enter name and hit return
THE EASTERN DISTRICT of BROOKLYN
Was formerly E. Street.
The American Porcelain Manufacturing Co., plant was on Eagle Street near West St.
The Tannery at #22. was destroyed by fire om March 18, 1891, the site later occupied by
a wagon works.
James ROONEY, mason, #76. Eagle & 229 Franklin Street.
Martin VOGEL, another mason, #131.
James D. LEARY'S Lumber Yard was at the corner of
Provost Street, Leary financed in 1888 the Joggins raft which safely arrived in New York
after a trip of 700 miles from Nova Scotia on August 11, the time required was eleven days.
The raft was 595ft in length & 38ft depth. The mass of logs were bound together with iron
chains and steel wire and was almost as solid as though it were the trunk of some giant tree.
Peter F. BEERSHENK, stair builder , was on Eagle Street & Whale Creek.
The Brooklyn Range Boiler Works were on Eagle St.
The plant of the Eagle Box Co., occuying a block on Eagle St, was partially destroyed by fire
on March 17, 1893.
The New York Cedar-Ware Co., was on the corner of Paidge.
Known as Parkway from Propect Park to the New Lots town line between Ralph & Howard Avenuess.
When the extension was constructed from that point to Highland Blvd., this portion was named
Eastern Parkway, and eventuallty the entire length.
The forest trees covering the hills of what was to become Eastern Parkway rose 50ft in height.
Eastern Parkway was constructed during the years 1871-74. It was 270ft wide containing 88 acres.
The length was 2 and a half miles.
Governor MORTON, signed on June 1906, the bill providing for the extension.
A part of Vanderveer Street was included, the removal of several homes was necessary.
Formerly 5th Street, Greenpoint. It was graded and paved in 1869.
Eckford Hall was on the west side near Calyer Street, the main place for political and
social gatherings. The building is now used for manufacturing purposes.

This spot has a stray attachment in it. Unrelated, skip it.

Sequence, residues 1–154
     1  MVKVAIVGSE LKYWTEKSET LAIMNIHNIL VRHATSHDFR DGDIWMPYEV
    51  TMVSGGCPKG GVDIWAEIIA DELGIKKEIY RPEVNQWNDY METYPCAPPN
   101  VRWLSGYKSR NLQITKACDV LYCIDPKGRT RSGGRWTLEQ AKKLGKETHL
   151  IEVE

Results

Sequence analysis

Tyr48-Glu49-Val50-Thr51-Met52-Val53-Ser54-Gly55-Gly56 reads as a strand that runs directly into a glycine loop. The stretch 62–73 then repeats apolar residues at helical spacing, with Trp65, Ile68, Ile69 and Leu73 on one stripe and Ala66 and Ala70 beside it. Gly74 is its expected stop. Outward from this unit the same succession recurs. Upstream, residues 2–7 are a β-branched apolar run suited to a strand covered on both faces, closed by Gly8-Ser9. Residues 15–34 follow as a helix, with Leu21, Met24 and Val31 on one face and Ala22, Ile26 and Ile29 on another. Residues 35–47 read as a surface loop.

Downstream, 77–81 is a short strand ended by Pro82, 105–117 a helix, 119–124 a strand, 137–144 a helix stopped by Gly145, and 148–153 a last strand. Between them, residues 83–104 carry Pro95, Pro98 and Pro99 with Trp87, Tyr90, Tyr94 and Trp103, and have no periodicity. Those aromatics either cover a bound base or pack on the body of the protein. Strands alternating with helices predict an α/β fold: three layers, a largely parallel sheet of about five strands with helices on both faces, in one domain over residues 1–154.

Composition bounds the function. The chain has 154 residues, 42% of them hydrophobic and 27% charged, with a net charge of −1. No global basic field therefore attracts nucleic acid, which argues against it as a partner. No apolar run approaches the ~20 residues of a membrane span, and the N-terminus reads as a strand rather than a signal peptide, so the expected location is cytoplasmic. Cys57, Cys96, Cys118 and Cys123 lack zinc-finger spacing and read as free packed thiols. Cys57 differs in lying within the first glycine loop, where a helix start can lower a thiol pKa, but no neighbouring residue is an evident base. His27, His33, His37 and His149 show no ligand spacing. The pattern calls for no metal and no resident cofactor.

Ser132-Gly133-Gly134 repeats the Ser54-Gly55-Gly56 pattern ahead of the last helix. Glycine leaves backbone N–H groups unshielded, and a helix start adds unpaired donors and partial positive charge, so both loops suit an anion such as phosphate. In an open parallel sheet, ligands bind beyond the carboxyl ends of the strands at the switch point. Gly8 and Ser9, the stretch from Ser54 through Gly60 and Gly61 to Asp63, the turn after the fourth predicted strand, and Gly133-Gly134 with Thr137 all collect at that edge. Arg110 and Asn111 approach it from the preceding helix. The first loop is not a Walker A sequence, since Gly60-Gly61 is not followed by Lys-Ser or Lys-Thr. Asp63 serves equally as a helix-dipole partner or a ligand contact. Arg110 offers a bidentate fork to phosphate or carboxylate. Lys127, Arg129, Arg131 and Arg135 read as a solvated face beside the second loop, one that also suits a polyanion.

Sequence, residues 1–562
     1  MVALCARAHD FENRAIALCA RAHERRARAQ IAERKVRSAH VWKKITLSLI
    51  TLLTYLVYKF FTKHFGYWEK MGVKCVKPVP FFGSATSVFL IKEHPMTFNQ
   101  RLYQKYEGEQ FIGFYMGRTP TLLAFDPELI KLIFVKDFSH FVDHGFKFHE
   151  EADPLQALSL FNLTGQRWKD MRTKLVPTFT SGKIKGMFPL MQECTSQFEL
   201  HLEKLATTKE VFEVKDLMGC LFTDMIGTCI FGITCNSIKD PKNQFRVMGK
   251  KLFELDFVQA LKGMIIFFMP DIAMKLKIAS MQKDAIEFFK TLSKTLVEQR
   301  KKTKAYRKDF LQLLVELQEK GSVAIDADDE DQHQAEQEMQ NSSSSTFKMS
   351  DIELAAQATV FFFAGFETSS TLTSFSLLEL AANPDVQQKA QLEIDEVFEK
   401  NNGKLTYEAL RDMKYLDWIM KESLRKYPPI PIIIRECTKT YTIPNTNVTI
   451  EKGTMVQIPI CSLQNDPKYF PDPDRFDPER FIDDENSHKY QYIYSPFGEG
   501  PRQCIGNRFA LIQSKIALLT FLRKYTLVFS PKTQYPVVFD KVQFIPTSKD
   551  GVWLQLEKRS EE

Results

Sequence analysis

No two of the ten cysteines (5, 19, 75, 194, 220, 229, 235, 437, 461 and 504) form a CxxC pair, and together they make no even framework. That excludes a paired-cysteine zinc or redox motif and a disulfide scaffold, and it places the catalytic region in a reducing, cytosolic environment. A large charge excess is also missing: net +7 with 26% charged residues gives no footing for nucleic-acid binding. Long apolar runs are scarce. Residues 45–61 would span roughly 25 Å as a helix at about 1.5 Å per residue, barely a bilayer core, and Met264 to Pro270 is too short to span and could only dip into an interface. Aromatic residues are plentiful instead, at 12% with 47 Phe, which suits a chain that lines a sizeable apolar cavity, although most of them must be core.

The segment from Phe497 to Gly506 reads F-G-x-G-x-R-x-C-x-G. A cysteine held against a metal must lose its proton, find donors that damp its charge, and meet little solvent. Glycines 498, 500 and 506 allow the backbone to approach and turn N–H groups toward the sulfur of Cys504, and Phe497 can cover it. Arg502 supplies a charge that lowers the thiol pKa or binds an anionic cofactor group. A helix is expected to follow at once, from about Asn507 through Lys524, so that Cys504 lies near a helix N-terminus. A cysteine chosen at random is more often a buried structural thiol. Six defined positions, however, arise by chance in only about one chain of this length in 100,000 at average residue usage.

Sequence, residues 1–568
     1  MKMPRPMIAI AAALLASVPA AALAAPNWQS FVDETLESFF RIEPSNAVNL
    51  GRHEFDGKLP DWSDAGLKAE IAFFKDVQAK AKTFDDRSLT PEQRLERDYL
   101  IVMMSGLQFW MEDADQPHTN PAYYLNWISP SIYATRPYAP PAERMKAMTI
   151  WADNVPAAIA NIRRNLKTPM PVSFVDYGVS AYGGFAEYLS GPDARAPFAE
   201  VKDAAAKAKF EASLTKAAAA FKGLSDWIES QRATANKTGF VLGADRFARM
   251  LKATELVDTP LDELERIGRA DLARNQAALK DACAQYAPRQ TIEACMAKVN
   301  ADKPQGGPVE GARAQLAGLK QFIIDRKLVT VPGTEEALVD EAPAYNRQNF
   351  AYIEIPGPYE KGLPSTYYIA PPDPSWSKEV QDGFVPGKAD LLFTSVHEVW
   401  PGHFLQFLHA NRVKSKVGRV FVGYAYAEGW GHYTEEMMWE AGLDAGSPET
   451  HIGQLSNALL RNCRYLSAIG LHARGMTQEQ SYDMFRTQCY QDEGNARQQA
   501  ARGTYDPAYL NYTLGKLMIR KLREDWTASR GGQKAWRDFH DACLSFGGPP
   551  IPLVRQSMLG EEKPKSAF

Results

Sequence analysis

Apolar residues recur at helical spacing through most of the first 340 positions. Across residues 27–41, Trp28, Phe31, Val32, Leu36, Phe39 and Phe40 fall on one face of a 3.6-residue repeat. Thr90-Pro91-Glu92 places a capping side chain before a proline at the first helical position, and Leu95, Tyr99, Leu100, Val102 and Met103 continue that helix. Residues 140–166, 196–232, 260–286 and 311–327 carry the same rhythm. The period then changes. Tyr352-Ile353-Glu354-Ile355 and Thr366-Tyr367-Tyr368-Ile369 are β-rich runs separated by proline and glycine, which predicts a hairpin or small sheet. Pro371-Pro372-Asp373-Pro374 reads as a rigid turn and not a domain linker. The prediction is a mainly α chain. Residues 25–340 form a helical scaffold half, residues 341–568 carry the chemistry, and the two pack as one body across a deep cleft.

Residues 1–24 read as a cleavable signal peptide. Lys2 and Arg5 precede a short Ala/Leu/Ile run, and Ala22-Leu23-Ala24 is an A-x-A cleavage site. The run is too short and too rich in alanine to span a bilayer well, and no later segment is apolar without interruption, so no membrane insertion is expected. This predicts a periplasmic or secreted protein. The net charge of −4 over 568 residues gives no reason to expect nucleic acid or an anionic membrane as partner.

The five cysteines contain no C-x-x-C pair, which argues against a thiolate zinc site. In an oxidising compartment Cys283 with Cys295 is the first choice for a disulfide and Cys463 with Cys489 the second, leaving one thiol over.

Wm. CORWITH, the ferry master of the Greenpoint Ferry, lived on Eckford near Meserole Avenue
The Union Porcelain Works, #300.
David H. HULSE, mason, #214.
Named for Wm. ELLERY, signer of the Declaration of Independence.
H. KUNZWEILER, mason, #48.
Thos. BROWN, mason, #134.
Jos. CATHREIN, strap maker, #191.
Anton BRUCKHAUSTER, mason, #226.
Heinrich SIOR, wheelwright, #283.
Martin BURKHARDT, musical instruments, #306.
Was Van Pelt Street, aka Van Pelt Avenue.
Opened in 1870 thru the farm of Adrian Martense SUYDAM.
The upper part of the avenue from Menahan Street eastward to the Cemetery of the Evergreens
had in the early days had been a farmers road winding it's way, in some spots
it touched present Central Avenue and even went beyond the line of that road.
The old Bushwick Road was straightened in 1852, it's name modernized to Bushwick
The upper portion of the present parkway was laid out at the same time and
as it led to the heights of the Cemetery of the Evergreens, the road was named
Not long after the two roads named exchanged with each othere, Evergreen Avenue became
Bushwick Avenue and formed one continous road, Bushwick Avenue as named in 1852 became
Evergreen Avenue The road was graded in 1888.
Henry AHRENS, Manufacturer Mineral Waters, #206.
The Zion Protestant Episcopal Church, 1870, corner of DeKalb.
The site of P.S. 75, corner Menahan was the southeast corner of Blvd. Grove.
The school was built in 1889. To the north of here and beyond Myrtle Avenue Plank Road
was the Myrtle Grove, the northeast, covering the high ground in the vicinity of
Bushwick High School was the second Grove.
Henry SCHNEIGER, manufacturer of mouldings, #384.
Frank IBERT'S Brewery, #405.
A swampy pond stretched along the line of Evergreen Avenue from Myrtle Avenue
Park to Woodbine St. At the corner of Woodbine stood the SUYDAM house.
Jacob SUYDAM, born in 1740 and settled in 1768 upon the farm which consisted of
136 acres. He died in 1811.
His son Jacob SUYDAM, was born in 1773 and he died in 1843.
Adrian Martense SUYDAM, the last of the name to occupy the house, was the son of
the second Jacob. He was born in 1825 and died 1894.
The house was built about 1700 by one Van NUYSE.
The first story was built of stones gathered in the surrounding fields. It rceived
it's light through tiny panes of glass set in heavy sash. The Suydam haouse stood
at #453 Evergreen Avenue.
Adrian Martense SUYDAM, the last male member of the family, died in California. He
would not allow anything in the old house to be changed, everything remaining the
same as it was in the days of his forefathers.
Cornelia Street was named for his wife. He willed the homestead to his namesake Adrian
SUYDAM HALBURT, son of his friend and neighbor.
The house built about 1700 on the New Bushwick Lane, the land conveyed in 1724 to
Leffert LEFFERTS and his wife Annetje by Wm. Van NUYSE. LEFFERTS son